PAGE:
I’ve learned firsthand that migraine comes with implicit bias that adversely affects patients and their care. Doctors blaming me for my pain and making me feel responsible for having a disease I did not ask for has been harmful to my mental health and overall well-being. Clinicians that carry biases about migraine and unconscious biases about race, gender, culture, and religion create an unhealthy environment for their patients, and I’ve heard similar experiences from others in my migraine community.

The importance of cultural humility in healthcare

Part of medical gaslighting includes the lack of cultural competency on the part of doctors. Cultural competency recognizes and respects cultural differences in health behaviors. Today, I prioritize finding doctors who take the time to consider my particular beliefs and actions rather than seeking to place me under a cultural label.

Promoting humility – knowing how people's cultures influence health behaviors – supports cultural competency. I’ve seen how using this insight builds sensitive approaches to treating patients. In my advocacy work, I’ve learned that teaching cultural humility and cultural competence in medical school helps students understand potential power imbalances between doctors and patients. I want all medical students to be exposed to these concepts so eventually, no one has to have the same experiences that I’ve had over the years.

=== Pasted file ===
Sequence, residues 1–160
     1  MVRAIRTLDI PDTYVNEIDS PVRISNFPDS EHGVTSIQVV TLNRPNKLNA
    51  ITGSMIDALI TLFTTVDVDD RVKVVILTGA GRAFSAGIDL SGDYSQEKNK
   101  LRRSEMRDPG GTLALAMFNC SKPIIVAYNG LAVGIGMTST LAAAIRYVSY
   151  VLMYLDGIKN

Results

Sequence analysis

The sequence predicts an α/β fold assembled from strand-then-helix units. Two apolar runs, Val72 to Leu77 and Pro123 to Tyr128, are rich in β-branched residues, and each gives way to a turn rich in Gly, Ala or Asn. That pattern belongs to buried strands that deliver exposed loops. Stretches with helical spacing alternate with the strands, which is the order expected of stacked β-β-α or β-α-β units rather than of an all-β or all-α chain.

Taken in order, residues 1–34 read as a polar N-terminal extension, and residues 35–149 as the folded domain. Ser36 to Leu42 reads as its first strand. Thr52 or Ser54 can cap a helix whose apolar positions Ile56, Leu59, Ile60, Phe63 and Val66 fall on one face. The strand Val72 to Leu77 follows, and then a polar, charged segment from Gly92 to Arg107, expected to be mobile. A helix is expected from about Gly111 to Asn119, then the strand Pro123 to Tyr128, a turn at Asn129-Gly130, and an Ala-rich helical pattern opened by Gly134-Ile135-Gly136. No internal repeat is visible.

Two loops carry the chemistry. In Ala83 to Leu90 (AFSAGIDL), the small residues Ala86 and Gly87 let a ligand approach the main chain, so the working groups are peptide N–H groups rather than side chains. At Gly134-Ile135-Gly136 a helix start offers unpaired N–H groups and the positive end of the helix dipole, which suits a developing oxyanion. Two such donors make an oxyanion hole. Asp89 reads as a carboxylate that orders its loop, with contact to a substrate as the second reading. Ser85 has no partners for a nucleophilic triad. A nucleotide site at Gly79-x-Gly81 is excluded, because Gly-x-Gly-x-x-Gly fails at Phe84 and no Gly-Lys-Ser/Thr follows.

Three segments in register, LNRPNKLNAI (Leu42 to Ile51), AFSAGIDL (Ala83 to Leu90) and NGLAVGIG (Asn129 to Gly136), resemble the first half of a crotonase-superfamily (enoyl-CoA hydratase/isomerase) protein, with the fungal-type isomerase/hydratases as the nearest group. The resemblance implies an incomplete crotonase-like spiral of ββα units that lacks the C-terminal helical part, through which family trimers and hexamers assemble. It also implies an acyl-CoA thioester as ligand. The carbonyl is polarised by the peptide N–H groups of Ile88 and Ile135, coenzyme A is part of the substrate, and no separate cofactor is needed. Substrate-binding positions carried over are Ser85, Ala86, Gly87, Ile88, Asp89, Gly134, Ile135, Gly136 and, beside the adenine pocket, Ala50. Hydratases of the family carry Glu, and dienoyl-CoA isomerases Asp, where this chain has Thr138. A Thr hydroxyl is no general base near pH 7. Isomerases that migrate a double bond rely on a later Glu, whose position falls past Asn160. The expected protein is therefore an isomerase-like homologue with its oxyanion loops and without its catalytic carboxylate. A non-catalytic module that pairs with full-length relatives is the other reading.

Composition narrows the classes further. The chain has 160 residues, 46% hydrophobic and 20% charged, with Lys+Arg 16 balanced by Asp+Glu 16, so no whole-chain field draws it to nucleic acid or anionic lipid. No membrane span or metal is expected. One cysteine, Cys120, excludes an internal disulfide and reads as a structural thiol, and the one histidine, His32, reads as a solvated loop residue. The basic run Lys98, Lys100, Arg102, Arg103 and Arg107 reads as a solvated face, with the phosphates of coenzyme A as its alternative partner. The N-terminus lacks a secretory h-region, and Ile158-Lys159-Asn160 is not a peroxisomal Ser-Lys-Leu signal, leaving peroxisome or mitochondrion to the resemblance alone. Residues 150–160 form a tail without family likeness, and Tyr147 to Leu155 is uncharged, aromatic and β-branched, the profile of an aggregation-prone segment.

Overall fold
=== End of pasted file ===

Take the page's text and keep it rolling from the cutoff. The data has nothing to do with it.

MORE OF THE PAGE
Thanks to many researchers, we know that a lack of awareness of cultural perceptions raises the possibility of clinicians subconsciously imposing their beliefs on patients. If the clinicians that treated me were culturally sensitive and had not brought their prejudices, assumptions, and views into the examination room and actively listened to me, my interactions with them would have been more positive.

Humility shapes clinicians' perceptions of themselves and others, influencing their approach to medical practice. Physicians I see with cultural humility show their understanding in their curiosity, desire to care for others, and interactions with team members and patients. It’s an awful feeling to not feel believed or understood by your doctors. I hope more healthcare professionals become aware of this problem, and that more people with migraine can have positive, compassionate experiences. I’m grateful to have found doctors who do see me for who I am and not for the label they could assign me, and I want more people to be able to find that, too.

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Medical Reviewer: Meredith Goodwin, MD, FAAFP
Last Review Date: 2023 May 11
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THIS CONTENT DOES NOT PROVIDE MEDICAL ADVICE. This content is provided for informational purposes and reflects the opinions of the author. It is not a substitute for professional medical advice, diagnosis or treatment. Always seek the advice of a qualified healthcare professional regarding your health. If you think you may have a medical emergency, contact your doctor immediately or call 911.